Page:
(director: Ernst Lubitsch; screenwriters: based on the play by Oscar Wilde/Julien Josephson; cinematographer: Charles Van Enger; editor: Ernst Lubitsch; music: Yati Durant; cast: Ronald Colman (Lord Darlington), Irene Rich (Mrs. Erlynne), May McAvoy (Lady Windermere), Bert Lytell (Lord Windermere), Edw. Martindel (Lord Augustus Lorton), Helen Dunbar (Gossipy Duchess); Runtime: 87; MPAA Rating: NR; producer: Ernst Lubitsch; Synergy Entertainment; 1925-silent)

“Skillfully casts its light on the hypocrisies and phony games played by the upper-crusts.”

Reviewed by Dennis Schwartz

An early Warner Bros. film for the beginning studio, that turned out to be a big hit. Ernst Lubitsch (“Design For Living”/”Trouble in Paradise”/”If I Had a Million”) adds his lubitsch touch to substitute for the silent’s lost witty dialogue from Oscar Wilde, whose play the film is based on. The notorious playwright’s scandalous comedy of manners is set among the British aristocrats. The screenplay is by Julien Josephson.

After the caddish Lord Darlington (Ronald Colman) startles the married Lady Windermere (May McAvoy) by declaring his love for her, the mysterious Mrs. Erlynne (Irene Rich) returns to London and asks Lord Windermere (Bert Lytell) to meet her to discuss something of vital importance to them. In private she reveals that she’s the long-lost mother of his wife, Lady Windermere, who thought mom was dead. She further explains she had the child out of wedlock, the reason for her disappearance and assures him no one else knows the secret. Mrs. Erlynne persuades Lord Windermere to sponsor her into his elite circle or else she will tell all to his circle of elites. Fearing the worst, the Lord finances Mrs. Erlynne. But the gossipy lady aristocrats begin spreading the word that the much older Mrs. Erlynne is the Lord’s lover, and she’s shunned by the society swells. But the attractive Mrs. Erlynne is pursued at the racetrack by Lord Augustus Lorton (Edward Martindel), who begins a furtive affair with her.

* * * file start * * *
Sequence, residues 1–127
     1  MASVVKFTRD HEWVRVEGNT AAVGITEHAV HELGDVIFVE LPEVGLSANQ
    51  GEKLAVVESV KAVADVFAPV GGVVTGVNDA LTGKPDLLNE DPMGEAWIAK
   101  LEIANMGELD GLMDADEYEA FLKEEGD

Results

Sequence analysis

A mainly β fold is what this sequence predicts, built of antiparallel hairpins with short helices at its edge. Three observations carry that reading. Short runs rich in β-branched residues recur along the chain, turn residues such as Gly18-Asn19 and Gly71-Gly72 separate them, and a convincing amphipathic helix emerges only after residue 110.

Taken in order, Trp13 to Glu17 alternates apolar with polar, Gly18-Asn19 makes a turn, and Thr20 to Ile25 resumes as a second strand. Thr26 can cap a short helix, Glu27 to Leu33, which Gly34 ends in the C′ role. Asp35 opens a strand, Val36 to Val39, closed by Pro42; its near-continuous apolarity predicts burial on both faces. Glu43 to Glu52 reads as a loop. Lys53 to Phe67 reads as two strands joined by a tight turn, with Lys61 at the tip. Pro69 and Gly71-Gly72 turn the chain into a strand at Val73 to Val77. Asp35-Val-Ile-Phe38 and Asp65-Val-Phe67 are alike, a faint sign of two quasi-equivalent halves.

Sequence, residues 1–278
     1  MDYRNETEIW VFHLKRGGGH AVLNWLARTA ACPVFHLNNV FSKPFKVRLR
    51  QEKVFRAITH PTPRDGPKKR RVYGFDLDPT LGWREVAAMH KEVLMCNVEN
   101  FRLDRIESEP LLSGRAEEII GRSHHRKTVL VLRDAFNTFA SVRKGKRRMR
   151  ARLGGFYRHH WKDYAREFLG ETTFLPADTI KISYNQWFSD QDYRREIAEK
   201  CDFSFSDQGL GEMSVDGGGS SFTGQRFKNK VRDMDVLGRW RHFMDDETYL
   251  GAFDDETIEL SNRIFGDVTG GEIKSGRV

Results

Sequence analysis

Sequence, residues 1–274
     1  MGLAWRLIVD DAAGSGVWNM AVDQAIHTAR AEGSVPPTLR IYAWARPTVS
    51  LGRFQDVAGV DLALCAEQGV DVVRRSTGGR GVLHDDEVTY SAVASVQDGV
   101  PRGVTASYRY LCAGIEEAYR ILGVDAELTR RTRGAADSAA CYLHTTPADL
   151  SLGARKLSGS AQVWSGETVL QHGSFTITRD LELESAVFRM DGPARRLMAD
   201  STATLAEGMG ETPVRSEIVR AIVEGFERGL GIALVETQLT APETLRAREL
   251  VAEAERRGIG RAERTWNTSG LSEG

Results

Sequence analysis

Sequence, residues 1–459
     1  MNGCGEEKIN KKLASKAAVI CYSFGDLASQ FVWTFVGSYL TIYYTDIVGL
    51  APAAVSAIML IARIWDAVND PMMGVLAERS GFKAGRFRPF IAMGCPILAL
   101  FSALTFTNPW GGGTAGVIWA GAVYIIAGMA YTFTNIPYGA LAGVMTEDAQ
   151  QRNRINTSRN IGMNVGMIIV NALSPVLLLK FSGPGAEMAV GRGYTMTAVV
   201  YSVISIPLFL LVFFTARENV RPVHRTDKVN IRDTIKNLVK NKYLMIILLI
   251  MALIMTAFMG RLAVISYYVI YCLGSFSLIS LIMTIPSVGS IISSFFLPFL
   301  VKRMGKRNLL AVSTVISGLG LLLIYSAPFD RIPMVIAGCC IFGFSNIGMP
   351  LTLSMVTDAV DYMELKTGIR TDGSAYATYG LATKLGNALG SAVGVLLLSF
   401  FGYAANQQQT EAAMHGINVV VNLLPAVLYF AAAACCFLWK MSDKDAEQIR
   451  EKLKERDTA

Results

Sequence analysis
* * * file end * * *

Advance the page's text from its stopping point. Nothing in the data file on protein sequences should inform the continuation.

Mrs. Erlynne forces the Lord to invite her to his wife’s birthday party, but when his wife is told by Darlington that hubby is writing checks to the strange lady and she observes it herself, she believes her hubby is having an affair and when she confronts him is told that he’s only helping out a lady in financial need. Lady Windermere sends Mrs. Erlynne a letter to cancel the invitation, but she fails to read the letter and shows up to the party escorted by Lord Lorton. The lively lady becomes the hit of the party, even winning over her most ardent critics. At the party Darlington has success in courting the upset married lady, and after the party she goes to his flat. Mrs. Erlynne follows her to the flat and warns her about making the same mistake she did, which made her a social outcast. When the society men from the party convene in Darlington’s flat, Mrs. Erlynne makes her presence known as Lady Windermere flees unnoticed and when Lady Windermere’s fan is found in the premise, she declares I must have taken it by mistake.

It turns into an austere but amusing morality play that skillfully casts its light on the hypocrisies and phony games played by the upper-crusts, who live a shallow life following their repressive society rules of behavior.